Feminism 101: What is Postcolonial Feminism?

Illustration by Tina Duong

In the Euro-American lens, women in the “East” are often perceived as victims of “backwards” religious and patriarchal structures, helpless and unenlightened about the gravity of their plight. These women outside of Euro-America are imagined to be in desperate need of the so-called civilizing forces of “equality,” “rights,” and “secularism” we so proudly embrace in liberal Euro-American cultures.

Postcolonial feminism was born as a response to colonialism, imperialism, and Euro-American feminists’ emphasis on sisterhood, which is one way Euro-American values are imperialistically imposed on other cultures. Postcolonial feminism is an intervention into such problematic frames of thought in hegemonic Euro-American feminism. The theory resists Euro-American feminists’ tendency to universalize the forms of oppression they face in their own lives, a tendency which ignores the crucial differences in the way women from various national, ethnic and religious backgrounds experience gender.

Postcolonial feminism reminds us “equality” looks different for, say, a white, middle-class woman in the U.S. and a Muslim woman in Iran, and it denies the idea of universal oppressions. If Euro-American feminist movements focus on the gender pay gap, unpaid domestic labor, or the dehumanizing aspects of pornography, these forms of oppressions and subsequent resistance is not necessarily useful for women outside of Euro-America. Therefore, postcolonial feminism goes beyond Euro-American ideals about what gender equality looks like, depending on the social, political, and historical context of the country to which the discussion is based around. In this capacity, postcolonial feminism is a branch of intersectional feminist thought.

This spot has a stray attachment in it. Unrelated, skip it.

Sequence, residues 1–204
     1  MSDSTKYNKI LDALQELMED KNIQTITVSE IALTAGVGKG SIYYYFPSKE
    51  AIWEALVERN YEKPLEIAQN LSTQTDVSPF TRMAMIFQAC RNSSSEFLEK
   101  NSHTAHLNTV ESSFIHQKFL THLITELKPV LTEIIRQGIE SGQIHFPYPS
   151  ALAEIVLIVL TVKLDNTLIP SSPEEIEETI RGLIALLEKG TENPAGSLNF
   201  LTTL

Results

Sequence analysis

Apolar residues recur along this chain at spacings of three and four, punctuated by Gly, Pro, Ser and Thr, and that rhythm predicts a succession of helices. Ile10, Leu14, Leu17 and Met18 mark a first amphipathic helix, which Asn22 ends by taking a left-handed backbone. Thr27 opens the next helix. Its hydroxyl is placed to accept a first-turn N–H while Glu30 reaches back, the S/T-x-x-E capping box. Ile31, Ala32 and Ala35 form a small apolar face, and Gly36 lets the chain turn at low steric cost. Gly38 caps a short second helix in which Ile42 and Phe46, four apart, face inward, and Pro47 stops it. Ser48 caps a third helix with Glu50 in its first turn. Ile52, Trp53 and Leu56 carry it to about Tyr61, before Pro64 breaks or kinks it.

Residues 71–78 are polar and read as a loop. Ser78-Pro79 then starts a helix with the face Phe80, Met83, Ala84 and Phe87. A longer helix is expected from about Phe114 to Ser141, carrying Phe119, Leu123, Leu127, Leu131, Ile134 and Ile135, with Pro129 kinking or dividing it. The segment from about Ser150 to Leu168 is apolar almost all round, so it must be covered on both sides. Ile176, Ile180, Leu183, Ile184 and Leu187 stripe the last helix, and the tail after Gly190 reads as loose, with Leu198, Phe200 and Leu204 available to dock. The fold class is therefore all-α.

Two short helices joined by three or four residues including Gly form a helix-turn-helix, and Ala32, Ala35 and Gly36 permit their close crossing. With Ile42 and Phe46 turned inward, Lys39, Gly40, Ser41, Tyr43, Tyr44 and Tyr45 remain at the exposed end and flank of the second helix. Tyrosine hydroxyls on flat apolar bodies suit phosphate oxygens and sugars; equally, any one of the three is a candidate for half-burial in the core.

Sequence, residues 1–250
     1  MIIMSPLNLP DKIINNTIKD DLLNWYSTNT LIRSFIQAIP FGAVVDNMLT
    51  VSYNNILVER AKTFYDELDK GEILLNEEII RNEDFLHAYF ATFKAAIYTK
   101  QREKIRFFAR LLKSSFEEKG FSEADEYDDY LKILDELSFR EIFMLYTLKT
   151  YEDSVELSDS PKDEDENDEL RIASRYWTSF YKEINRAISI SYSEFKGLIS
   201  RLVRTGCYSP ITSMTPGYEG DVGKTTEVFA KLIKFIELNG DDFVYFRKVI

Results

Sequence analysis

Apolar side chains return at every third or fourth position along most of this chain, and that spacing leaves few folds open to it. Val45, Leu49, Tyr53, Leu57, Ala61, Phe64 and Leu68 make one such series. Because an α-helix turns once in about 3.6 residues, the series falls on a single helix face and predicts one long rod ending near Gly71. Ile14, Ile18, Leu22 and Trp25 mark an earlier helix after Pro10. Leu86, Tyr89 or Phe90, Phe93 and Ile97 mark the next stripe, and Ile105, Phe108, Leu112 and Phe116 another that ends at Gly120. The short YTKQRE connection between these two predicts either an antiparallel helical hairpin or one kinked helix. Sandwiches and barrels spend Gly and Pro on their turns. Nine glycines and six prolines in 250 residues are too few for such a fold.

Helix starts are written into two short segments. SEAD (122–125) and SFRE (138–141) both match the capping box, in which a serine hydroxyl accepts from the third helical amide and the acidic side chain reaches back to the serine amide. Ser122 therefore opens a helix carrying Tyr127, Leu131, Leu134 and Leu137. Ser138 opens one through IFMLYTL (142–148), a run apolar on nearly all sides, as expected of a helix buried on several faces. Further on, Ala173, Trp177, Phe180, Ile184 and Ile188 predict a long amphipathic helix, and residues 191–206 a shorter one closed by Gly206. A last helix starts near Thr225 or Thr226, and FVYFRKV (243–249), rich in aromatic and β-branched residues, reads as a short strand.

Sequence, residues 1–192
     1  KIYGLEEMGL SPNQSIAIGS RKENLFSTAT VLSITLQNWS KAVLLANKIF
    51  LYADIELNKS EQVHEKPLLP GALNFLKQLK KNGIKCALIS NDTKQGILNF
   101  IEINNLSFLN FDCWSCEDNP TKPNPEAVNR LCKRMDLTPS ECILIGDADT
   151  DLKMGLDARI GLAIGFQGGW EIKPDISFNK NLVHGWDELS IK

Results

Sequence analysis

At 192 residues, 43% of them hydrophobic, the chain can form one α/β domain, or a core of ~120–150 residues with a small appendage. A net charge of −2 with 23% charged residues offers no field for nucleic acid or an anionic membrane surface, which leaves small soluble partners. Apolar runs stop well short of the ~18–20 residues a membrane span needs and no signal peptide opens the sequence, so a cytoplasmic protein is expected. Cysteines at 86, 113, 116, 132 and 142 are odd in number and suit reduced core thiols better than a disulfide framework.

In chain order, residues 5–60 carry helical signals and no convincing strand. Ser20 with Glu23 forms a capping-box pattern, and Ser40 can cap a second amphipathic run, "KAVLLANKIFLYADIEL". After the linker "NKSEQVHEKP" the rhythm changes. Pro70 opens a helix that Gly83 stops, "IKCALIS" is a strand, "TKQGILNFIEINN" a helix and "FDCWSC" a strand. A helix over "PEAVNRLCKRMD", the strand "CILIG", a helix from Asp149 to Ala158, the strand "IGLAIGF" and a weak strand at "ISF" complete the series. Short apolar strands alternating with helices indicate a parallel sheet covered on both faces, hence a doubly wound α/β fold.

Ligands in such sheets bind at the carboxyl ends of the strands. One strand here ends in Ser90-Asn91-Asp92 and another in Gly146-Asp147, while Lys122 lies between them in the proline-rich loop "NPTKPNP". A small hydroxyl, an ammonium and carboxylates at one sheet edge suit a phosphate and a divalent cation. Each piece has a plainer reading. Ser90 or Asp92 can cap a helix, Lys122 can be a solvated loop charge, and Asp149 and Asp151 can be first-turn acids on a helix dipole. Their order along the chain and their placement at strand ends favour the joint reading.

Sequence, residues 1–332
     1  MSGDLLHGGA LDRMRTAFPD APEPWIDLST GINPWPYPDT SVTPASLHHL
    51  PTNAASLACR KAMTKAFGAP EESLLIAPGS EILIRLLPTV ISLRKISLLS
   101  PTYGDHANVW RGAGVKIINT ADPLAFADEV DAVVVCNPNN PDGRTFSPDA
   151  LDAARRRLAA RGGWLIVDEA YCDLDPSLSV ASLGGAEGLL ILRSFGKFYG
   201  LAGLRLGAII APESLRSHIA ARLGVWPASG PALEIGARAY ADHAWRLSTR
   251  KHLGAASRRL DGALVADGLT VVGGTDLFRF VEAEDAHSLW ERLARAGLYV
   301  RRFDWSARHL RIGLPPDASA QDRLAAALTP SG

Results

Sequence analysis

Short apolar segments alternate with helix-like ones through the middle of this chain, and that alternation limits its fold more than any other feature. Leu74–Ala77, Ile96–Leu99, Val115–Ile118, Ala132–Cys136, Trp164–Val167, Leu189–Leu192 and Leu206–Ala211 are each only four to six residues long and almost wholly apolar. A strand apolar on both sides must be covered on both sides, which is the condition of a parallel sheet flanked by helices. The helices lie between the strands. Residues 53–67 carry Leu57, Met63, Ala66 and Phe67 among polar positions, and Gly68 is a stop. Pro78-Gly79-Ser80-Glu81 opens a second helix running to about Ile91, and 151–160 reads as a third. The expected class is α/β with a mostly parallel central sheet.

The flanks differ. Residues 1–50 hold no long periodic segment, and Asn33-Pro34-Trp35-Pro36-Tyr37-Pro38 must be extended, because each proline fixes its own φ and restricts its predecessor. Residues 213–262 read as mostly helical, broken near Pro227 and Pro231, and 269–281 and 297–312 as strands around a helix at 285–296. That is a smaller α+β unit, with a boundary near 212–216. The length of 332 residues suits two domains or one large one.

The postcolonial feminist lens calls particular attention to the ongoing damage Euro-American imperialism and global capitalism has inflicted on people in “Eastern” countries, and the resulting violent exploitation of women outside Euro-America.

Postcolonial feminism provides a similar critique of white Euro-American attempts to “save” women outside Euro-America, often called the “white savior complex.” This complex plays dangerously into the historical rationale for the colonization of “Eastern” lands, i.e. educating “barbarians” or Anglicizing native languages. Postcolonial feminists believe feminisms should emerge locally from regional knowledge instead of being imposed by Euro-America.

The white savior complex is used by Euro-American politicians through the trope of the “third world woman,” who is oppressed by a supposedly backward regime, as justification for war and occupation in non Euro-American countries, as the Bush administration did in regard to Afghanistan.

One custom often appropriated as a sensational symbol of women’s “oppression” outside of Euro-American countries is the veil. Although there is room for nuanced discussion about the patriarchal implications of mandatory veiling in Saudi Arabia and Iran among women within these cultures, it is problematic to frame the hijab as inherently oppressive or incompatible with equality. Islamic feminists, for example, strive for an equality that encompasses ritual modesty as a way to feel empowered and closer to God.

Postcolonial feminism embraces the potential for diverse, organic feminisms that seek to end the ramifications of sexism, racism, capitalism and imperialism in their totality. It reminds us the united front of “sisterhood” is less in the spirit of feminism than are solidarity and awareness of the multitude of global experiences that comprise womanhood.

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